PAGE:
Truism: The Hero Must Die II

Posted: December 27, 2013 in Art, History, Literature, Politics, Religion, Science
Tags: , , , , , , , ,

Continuing where yesterday’s blog leftoff, here are some famous examples of stories, myths, historical and religious figures who conform to the archetype of the Hero’s Journey.

MAJOR SPOILER ALERT: The first 6 are all historical/religious but then I go on to movies/books and I’d hate to ruin a plot for you without warning you first.  Specifically, I discuss Stranger In A Strange Land, The Lord Of The Rings, and Fullmetal Alchemist.

Heracles with Cerberus.

1. Hercules/Heracles – Hercules is the Roman adaptation of the Greek hero Heracles, son of the god Zeus and a mortal woman, making him a demi-god. Heracles is most known for twelve trials he had to endure, one of which was going to the underworld to capture Hades three headed dog Cerberus. Going to the underworld of Hades is a figurative death Heracles passes through in order to best his labors and recover his sanity while achieving immortality. The purpose was not becoming immortal, that was merely a side perk, the main goal was atoning for slaughtering his children after he was driven mad by Hera.

Baby Achilles takes a bath in the River Styx.

2. Achilles – Another Greek hero, Achilles was also demigod like Hercules. Instead of being immortal like Heracles, Achilles was invulnerable to harm everywhere on his body other than his heel, creating the metaphor Achilles heel. His mother baptized him in the river Styx, the river of the underworld, which granted him immunity to harm everywhere except his heel, where she held him. Ultimately he died in the Trojan War, that grand battle to bring home the beautiful Helen of Troy to her native Sparta. Many warriors fought in this battle, some died; the cunning Odysseus, both Ajax the Great and Ajax the Lesser to name a few of the best known. Of all the many heroes mentioned in Homer’s Iliad and the Odyssey, the only one better known than Achilles is Odysseus himself who is a main character in both books. Achilles has gained eternal glory through his death for himself but more importantly for Greece.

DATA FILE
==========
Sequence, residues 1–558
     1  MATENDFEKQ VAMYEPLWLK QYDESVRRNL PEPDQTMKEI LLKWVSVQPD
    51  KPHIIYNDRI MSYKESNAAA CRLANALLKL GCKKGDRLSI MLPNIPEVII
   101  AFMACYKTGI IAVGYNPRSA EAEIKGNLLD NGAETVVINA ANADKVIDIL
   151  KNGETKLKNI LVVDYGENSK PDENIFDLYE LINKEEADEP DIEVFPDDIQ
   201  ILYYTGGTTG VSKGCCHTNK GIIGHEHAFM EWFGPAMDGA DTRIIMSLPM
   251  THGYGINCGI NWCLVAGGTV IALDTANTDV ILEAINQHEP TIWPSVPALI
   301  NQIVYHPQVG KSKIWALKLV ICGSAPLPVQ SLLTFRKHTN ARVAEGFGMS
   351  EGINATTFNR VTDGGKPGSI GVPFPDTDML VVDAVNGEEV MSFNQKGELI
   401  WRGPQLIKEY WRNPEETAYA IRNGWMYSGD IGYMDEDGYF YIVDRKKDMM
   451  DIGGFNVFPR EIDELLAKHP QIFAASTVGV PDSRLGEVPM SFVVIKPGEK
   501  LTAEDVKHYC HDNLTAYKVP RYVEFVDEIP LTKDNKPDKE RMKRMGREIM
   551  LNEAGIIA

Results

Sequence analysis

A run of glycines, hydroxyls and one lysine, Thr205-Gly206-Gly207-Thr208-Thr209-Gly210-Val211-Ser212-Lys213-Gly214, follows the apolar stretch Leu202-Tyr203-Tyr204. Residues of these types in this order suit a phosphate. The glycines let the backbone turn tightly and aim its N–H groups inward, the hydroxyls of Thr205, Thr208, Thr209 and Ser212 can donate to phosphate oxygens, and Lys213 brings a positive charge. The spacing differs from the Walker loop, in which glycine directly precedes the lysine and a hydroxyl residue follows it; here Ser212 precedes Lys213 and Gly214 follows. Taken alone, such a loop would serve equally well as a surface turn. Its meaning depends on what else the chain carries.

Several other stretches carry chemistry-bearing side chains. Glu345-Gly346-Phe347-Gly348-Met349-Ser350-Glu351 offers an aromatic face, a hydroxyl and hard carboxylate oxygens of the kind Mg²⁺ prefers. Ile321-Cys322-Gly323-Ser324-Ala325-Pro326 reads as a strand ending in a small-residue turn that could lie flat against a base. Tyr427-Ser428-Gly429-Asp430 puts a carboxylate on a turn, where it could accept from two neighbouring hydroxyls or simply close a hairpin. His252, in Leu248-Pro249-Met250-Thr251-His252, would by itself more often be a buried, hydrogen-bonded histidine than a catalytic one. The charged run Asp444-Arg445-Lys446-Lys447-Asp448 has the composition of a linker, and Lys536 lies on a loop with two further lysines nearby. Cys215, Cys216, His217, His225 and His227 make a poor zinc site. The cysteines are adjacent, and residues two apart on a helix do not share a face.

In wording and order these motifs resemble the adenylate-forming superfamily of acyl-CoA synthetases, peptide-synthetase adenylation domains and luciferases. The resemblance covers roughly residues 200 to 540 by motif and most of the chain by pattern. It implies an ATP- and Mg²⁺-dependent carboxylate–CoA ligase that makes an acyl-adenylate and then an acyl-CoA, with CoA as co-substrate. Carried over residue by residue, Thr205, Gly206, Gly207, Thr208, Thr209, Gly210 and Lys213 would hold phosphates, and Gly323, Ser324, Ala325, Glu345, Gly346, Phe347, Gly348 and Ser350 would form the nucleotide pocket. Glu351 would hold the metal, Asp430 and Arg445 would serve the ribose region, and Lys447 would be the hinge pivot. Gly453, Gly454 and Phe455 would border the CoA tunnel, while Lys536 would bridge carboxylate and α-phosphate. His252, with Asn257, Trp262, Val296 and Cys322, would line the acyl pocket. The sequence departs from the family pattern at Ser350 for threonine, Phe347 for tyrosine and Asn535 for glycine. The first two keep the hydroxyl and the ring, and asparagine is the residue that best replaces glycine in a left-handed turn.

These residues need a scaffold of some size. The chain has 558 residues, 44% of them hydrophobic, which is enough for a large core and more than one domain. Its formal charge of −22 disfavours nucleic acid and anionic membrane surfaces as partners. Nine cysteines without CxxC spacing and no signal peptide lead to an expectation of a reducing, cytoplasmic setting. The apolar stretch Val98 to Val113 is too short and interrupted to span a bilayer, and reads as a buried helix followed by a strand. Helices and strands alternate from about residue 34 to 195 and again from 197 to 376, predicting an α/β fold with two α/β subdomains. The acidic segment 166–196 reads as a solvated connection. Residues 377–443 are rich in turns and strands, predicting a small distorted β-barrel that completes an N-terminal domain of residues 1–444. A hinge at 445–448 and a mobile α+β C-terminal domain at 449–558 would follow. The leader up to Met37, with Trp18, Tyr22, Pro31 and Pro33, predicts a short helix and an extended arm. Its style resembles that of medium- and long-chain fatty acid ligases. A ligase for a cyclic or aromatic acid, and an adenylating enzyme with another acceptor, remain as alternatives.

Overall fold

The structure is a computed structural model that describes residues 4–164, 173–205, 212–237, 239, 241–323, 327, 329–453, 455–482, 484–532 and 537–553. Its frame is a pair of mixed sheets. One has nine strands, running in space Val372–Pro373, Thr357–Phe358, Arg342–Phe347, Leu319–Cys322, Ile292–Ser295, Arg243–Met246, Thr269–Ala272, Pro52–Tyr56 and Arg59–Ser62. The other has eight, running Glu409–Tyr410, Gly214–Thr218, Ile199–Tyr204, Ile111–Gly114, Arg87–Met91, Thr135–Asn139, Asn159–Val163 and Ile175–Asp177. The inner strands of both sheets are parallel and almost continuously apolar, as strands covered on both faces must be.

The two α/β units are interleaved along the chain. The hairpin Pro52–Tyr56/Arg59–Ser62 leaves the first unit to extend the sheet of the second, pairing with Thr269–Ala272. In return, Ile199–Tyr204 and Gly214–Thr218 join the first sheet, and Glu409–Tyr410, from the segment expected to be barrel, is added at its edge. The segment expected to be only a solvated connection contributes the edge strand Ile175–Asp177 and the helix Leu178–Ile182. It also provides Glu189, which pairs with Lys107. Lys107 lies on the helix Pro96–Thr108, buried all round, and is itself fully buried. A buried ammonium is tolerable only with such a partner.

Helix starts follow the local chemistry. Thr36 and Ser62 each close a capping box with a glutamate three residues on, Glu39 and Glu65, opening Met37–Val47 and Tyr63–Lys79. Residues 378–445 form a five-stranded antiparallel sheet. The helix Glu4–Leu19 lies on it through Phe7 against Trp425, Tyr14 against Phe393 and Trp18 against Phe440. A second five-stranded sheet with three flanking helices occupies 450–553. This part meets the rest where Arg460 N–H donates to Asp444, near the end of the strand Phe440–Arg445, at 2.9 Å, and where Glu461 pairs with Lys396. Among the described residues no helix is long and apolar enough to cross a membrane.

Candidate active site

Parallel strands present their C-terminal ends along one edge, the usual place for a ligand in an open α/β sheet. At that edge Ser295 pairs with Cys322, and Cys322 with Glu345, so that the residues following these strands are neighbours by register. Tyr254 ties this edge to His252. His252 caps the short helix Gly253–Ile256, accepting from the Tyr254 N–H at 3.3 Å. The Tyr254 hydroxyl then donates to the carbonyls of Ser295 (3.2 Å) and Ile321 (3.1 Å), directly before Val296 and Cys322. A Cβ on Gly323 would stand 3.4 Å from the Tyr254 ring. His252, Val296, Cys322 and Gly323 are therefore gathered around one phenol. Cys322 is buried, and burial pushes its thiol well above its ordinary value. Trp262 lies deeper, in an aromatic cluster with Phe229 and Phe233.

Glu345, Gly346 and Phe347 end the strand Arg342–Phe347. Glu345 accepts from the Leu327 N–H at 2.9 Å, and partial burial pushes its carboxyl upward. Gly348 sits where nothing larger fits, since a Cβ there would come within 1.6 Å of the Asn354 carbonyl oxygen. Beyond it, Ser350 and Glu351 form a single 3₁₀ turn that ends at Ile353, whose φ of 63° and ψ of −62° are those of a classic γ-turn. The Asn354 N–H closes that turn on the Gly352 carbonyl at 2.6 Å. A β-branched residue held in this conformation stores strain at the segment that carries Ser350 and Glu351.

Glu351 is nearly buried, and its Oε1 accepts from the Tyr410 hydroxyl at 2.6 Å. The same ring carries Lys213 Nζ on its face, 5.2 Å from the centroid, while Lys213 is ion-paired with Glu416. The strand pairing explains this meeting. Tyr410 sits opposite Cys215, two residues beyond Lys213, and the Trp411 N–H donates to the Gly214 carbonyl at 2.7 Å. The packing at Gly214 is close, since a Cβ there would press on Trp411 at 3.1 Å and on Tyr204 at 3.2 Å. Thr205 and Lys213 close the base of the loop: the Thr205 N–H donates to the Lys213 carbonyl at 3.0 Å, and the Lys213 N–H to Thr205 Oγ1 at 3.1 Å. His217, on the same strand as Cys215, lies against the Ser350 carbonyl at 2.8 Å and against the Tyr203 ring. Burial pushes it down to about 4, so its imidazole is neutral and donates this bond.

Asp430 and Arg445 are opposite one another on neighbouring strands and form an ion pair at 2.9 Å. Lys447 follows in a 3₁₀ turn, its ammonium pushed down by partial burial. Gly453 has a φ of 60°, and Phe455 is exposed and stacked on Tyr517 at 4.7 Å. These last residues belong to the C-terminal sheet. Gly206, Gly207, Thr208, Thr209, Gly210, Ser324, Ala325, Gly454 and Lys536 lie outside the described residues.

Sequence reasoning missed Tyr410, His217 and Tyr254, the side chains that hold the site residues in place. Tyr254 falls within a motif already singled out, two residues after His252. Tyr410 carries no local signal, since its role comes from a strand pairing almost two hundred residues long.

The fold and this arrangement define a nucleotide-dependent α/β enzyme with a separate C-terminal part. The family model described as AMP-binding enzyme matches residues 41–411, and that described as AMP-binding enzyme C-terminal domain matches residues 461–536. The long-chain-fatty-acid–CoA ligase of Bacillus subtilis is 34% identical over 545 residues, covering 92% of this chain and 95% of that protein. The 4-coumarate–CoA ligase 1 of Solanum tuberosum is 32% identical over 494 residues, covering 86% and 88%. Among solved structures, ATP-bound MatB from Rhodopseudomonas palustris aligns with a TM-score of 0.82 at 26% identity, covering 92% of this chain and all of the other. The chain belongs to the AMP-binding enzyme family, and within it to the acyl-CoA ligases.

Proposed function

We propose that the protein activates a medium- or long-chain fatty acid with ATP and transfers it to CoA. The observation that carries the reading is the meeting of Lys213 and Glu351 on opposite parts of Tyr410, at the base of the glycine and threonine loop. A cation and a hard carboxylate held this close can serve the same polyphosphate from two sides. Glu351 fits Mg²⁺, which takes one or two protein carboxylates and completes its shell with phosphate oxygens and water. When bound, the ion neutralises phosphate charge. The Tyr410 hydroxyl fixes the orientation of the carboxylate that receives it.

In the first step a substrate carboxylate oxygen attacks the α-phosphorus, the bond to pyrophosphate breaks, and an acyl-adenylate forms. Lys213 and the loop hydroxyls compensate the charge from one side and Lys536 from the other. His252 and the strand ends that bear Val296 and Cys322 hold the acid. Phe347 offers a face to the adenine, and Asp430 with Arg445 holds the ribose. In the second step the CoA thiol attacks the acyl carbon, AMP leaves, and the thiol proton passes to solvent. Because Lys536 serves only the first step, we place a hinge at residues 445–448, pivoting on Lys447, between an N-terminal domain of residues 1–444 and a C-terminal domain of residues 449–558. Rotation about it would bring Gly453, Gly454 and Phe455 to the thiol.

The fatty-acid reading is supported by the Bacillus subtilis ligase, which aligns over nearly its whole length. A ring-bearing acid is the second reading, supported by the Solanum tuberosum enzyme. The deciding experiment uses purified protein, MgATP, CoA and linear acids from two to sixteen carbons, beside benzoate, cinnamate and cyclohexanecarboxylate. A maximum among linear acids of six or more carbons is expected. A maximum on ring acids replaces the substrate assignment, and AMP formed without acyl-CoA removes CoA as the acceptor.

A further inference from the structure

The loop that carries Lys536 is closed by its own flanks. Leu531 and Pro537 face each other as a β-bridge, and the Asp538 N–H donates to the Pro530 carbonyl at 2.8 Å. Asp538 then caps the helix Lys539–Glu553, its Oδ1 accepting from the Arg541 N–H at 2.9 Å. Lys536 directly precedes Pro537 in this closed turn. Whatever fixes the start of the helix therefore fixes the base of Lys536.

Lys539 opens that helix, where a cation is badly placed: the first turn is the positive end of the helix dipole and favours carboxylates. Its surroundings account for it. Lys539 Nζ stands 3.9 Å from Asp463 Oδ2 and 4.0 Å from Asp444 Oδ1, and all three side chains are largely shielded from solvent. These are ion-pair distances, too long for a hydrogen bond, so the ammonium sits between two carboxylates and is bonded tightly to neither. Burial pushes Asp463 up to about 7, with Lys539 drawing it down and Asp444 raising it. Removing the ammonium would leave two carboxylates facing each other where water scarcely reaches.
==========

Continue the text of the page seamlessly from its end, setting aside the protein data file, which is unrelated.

Jesus Christ, Superstar!

3. Jesus – Jesus Christ was potentially a real person who lived in ancient Mesopotamia, born in 1 anno domini (AD). There is much dispute over whether Jesus was real or is myth, and the belief that he is the son of God. I believe he was a real man, likely not a pale Anglo white man. He was a religious philosopher of sorts and also had a stripe for politics, this won him few friends with the Romans who just loved crucifixion. Jesus preached a new way of doing things and shook things up in the social order which annoyed those in power. Jesus is said to be the son of God, the product of a miraculous birth, sent to earth to be killed to man’s sins, only to be reborn and go to Heaven. The story of Jesus is a perfect telling of the major steps in the Hero’s Journey.

Buddha under the Bodhi Tree.